You can improve your soil in a few weeks this fall with the time-honored practice of growing a cover crop. These quick crops add tons of nutrient-rich "green manure," priceless organic matter, and crumbly tilth to your soil.
What to plant? Look at what local farmers grow, and check with your county extension office for detailed advice. Legumes are perhaps the best choice because they "fix" nitrogen from the air into the soil. These crops include alfalfa, peas, beans (garden, fava, and soy), clovers, lupines, and vetches. Non-legumes, such as rye grass, oats, buckwheat, winter wheat, and pearl millet, generally grow more quickly than do legumes, however. Even garden plants such as radishes and kale can be used for a quick soil boost.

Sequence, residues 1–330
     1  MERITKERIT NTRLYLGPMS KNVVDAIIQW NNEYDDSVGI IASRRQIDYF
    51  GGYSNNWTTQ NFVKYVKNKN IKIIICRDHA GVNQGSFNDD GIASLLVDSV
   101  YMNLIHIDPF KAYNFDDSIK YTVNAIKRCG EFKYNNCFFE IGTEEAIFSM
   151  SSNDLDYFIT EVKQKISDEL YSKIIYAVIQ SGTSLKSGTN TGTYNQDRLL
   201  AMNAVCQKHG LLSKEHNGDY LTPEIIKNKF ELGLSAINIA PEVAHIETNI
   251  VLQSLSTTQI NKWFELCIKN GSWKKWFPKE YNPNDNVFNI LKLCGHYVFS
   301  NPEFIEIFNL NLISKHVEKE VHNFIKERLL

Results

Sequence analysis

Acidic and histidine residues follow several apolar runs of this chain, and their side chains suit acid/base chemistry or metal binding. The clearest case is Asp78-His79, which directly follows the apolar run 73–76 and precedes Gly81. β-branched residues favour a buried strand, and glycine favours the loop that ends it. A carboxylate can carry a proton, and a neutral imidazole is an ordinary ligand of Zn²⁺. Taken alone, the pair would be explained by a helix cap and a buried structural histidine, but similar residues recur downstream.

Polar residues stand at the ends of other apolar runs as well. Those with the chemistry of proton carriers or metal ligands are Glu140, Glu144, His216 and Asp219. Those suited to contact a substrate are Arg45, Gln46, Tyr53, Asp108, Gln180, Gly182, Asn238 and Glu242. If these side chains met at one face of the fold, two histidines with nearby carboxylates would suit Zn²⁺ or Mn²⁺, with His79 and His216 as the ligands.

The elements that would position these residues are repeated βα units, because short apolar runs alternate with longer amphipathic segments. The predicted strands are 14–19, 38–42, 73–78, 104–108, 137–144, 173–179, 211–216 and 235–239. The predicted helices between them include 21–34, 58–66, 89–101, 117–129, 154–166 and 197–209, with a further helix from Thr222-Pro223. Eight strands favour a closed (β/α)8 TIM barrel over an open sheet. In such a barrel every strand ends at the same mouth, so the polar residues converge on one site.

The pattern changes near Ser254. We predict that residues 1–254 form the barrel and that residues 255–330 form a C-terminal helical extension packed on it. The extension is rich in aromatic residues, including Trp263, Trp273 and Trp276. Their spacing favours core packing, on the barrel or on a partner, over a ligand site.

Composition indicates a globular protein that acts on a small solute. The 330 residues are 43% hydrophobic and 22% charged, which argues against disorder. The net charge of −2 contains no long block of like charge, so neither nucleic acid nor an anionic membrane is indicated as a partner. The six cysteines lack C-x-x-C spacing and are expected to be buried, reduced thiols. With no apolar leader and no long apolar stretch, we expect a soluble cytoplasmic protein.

Typically cover crops are planted in the fall and tilled in a few weeks before spring planting.
But if you anticipate a long, wet spring, or a mild winter, go ahead and turn your crop in yet this fall. In general, the younger the plant you dig in, the more quickly it will decompose. The more mature the plant, the more organic matter you'll get, but the nutrient release will be slower.
Remember not to let your cover crop go to seed or you will have weeds galore.